Unpublished letter to the editor submitted to the Vancouver Sun, April 1997
By Kay Stockholder
The Government has succeeded in rushing through Parliament Bill C-95, aimed at Quebec gangs, and would like to get Bill C-205, the “Son of Sam” bill through as well. It wants these bills passed before the election so that it can go on the hustings with proof that it has gotten tough on crime and is on the side of law and order.
Bill C-95 does not limit its application to those involved in violent crimes. Rather, it defines gangs as a group of five or more devoted to encouraging any action that would result in an indictable offence. This definition would include almost any group devoted to various forms of political dissent, as well as a host of minor crimes.
By increasing police discretion in using electronic surveillance, it erodes privacy protections, and by imposing on members of such groups convicted of crimes the severe penalties the bill mandates, it effectively would limit freedom of association, even though it claims not to do so.
Bill C-95 would make it a criminal offence for anyone convicted of any indictable crime—again, not only of violent crimes—to make money from a published work that recounts an offence, and the surrounding circumstances, of which the person has been convicted. Though the Bill is aimed at preventing people like Bernardo and Homolka from profiting by their horrible crimes, it has, like Bill C-205, a much wider reach.
It is crafted to make it appear that it is not interfering with freedom of speech by expressly excluding from the reach of the criminal law the act of writing of publishing a book as such. However, it effectively would make it impossible for most people to publish any book that describes any act of civil disobedience or political dissent that resulted in a conviction for an indictable crime. Both of these bills raise more general issues:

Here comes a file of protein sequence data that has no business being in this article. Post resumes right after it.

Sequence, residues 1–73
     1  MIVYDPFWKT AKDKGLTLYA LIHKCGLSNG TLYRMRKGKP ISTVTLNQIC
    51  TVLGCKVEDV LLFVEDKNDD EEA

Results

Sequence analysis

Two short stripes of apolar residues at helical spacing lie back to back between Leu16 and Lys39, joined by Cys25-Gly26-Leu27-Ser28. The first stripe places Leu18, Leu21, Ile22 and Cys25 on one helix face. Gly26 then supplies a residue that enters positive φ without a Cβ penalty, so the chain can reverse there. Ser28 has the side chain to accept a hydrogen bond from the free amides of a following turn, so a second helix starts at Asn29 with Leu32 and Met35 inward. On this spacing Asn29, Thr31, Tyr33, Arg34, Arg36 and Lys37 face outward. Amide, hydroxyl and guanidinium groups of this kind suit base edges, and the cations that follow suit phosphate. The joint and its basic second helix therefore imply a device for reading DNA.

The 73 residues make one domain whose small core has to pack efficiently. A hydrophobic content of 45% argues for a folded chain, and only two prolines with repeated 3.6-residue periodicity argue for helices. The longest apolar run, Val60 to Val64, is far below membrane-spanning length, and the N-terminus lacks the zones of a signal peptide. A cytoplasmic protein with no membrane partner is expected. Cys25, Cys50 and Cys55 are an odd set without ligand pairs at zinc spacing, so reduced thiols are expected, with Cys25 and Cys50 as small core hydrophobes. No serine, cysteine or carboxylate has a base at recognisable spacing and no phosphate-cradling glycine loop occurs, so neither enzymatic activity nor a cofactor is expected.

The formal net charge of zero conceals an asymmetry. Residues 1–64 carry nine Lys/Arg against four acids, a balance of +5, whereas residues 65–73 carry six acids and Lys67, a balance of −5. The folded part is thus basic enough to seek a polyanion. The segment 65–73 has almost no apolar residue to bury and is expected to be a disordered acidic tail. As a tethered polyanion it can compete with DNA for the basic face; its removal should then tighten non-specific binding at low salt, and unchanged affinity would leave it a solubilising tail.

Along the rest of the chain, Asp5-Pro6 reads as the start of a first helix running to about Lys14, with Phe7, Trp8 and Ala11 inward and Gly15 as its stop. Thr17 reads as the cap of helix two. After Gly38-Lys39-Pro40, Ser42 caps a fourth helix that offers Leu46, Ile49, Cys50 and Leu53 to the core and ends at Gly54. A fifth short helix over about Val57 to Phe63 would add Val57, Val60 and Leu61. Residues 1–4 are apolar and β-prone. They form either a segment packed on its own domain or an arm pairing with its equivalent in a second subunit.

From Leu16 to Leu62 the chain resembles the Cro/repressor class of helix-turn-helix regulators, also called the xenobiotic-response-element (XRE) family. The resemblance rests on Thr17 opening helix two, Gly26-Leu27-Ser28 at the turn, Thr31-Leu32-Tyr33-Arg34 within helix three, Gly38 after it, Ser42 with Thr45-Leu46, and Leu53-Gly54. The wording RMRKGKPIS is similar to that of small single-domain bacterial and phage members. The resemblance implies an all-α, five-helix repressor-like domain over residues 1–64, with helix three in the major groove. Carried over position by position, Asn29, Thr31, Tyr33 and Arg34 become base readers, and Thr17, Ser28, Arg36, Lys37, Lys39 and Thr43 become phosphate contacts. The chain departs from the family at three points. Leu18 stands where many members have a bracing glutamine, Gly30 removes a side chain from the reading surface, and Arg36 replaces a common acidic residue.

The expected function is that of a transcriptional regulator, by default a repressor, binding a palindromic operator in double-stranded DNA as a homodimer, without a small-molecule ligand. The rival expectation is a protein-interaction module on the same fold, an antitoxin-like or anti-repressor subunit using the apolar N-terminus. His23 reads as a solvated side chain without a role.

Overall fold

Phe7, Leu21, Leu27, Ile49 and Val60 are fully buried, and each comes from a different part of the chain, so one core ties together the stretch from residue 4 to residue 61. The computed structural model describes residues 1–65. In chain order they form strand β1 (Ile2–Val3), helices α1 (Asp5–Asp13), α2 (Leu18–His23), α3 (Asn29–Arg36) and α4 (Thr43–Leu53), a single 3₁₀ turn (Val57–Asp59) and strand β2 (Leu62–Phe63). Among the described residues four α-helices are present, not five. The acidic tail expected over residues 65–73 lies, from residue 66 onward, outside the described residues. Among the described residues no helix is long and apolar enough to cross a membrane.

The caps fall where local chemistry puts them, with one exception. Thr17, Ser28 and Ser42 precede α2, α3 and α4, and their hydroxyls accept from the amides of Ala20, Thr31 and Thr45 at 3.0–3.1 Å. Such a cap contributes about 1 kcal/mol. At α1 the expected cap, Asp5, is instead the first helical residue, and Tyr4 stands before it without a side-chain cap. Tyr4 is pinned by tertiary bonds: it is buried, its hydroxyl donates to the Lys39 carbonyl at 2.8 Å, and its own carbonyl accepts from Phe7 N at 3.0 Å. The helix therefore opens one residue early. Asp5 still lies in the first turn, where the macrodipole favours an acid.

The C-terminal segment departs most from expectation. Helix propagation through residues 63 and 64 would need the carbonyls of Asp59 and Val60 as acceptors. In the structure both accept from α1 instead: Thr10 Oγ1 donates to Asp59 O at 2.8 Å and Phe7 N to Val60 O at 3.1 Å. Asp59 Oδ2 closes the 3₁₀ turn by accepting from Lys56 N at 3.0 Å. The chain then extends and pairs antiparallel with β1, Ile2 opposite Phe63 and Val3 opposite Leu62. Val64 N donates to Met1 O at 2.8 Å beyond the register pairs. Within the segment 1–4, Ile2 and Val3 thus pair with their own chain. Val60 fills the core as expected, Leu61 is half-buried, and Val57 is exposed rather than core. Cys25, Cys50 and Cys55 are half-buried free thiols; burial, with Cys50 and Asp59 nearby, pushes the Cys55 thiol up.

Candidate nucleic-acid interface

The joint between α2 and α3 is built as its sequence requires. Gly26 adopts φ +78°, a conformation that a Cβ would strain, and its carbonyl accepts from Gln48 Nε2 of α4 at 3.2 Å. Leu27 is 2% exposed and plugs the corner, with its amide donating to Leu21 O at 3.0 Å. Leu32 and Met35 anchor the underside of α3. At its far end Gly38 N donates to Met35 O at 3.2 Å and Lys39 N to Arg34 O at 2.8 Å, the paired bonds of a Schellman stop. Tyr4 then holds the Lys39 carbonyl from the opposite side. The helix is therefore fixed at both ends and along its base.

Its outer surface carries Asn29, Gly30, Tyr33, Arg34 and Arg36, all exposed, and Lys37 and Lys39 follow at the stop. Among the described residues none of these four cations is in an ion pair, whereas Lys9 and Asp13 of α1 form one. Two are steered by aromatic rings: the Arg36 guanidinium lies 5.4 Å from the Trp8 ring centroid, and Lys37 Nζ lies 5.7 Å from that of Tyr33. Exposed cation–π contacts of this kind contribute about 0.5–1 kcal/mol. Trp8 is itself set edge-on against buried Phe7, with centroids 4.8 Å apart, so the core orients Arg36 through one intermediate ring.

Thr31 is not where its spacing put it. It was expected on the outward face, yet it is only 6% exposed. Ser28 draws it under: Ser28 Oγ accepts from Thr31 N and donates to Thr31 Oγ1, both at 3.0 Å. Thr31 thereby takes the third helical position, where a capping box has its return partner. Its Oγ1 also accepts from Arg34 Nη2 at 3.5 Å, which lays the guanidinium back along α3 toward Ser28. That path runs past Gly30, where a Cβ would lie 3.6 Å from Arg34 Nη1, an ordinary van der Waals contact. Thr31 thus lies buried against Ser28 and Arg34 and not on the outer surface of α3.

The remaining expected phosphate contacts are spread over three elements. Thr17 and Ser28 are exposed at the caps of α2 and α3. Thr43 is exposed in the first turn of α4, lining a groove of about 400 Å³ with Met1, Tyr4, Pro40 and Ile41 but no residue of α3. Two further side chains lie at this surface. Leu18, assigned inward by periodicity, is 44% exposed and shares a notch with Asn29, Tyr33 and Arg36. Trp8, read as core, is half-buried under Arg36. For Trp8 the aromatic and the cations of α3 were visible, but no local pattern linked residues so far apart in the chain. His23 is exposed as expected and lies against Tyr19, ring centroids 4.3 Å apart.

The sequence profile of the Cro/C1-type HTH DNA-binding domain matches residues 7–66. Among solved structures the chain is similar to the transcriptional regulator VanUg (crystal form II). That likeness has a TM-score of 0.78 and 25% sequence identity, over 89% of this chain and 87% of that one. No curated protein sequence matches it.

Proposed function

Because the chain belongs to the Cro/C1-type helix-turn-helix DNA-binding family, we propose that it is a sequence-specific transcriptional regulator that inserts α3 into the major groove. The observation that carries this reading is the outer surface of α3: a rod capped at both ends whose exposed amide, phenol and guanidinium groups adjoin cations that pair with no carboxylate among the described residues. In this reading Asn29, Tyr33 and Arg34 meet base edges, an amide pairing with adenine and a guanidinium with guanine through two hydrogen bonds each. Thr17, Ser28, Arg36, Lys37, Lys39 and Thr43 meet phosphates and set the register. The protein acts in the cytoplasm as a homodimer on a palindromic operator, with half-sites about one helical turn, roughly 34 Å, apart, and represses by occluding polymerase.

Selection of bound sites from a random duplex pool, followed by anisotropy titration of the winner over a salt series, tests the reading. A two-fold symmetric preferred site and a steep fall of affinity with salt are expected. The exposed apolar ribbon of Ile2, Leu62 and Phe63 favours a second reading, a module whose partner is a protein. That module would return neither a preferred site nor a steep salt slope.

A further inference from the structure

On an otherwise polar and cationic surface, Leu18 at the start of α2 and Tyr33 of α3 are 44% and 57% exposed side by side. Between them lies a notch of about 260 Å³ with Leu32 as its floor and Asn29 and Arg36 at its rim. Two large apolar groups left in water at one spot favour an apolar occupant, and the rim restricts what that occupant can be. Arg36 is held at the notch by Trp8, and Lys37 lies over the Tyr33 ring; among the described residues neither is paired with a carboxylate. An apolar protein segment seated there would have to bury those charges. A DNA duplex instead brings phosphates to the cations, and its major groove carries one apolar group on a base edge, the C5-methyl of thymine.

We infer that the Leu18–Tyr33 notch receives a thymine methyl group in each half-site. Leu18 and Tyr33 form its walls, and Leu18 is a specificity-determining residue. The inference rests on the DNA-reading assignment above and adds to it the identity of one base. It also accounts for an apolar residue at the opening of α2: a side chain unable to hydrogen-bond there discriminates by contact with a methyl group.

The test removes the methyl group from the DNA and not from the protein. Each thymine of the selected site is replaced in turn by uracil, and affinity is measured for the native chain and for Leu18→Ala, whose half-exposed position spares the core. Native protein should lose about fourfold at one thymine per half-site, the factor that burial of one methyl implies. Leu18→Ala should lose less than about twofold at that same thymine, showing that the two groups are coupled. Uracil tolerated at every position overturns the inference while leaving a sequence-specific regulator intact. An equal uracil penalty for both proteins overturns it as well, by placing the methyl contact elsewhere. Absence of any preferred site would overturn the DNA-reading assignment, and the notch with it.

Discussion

- Since they both clearly raise Charter issues, it is evident that their crafters are concerned only with having “goodies” with which to entice votes, and are indifferent, not only to the civil liberties they threaten, but to the enormous costs that are involved in Charter litigation. The government aborted the Somalia inquiry because of professed concerns for the taxpayers money, but they are entirely indifferent to the fate of taxpayers’ money when it comes to passing sloppy legislation and leaving it to the courts to clean it up. They are also indifferent to the consequences for the principles of Canadian governance that are involved in encouraging the proliferation of court made law.
- One reason that the government must resort to bills that concern the Criminal Code for election appeal is that it has downloaded so much of its power over social programs to the provinces, thereby eliminating them from the matter that constitutes Canadian nationhood. It has also depleted the sense of Canadian identity by decimating the CBC. As a consequence it has fewer resources to generate a sense of the importance of the federal government, but some things it does have are the criminal law, defence, and the powers of taxation. Since taxation policies are not likely at the present time to be a rich source of popular election issues, and the ill-fated Somalia inquiry casts dubious light on the Defense establishment, that leaves the criminal law. Such a situation can raise rather frightening spectres for the future.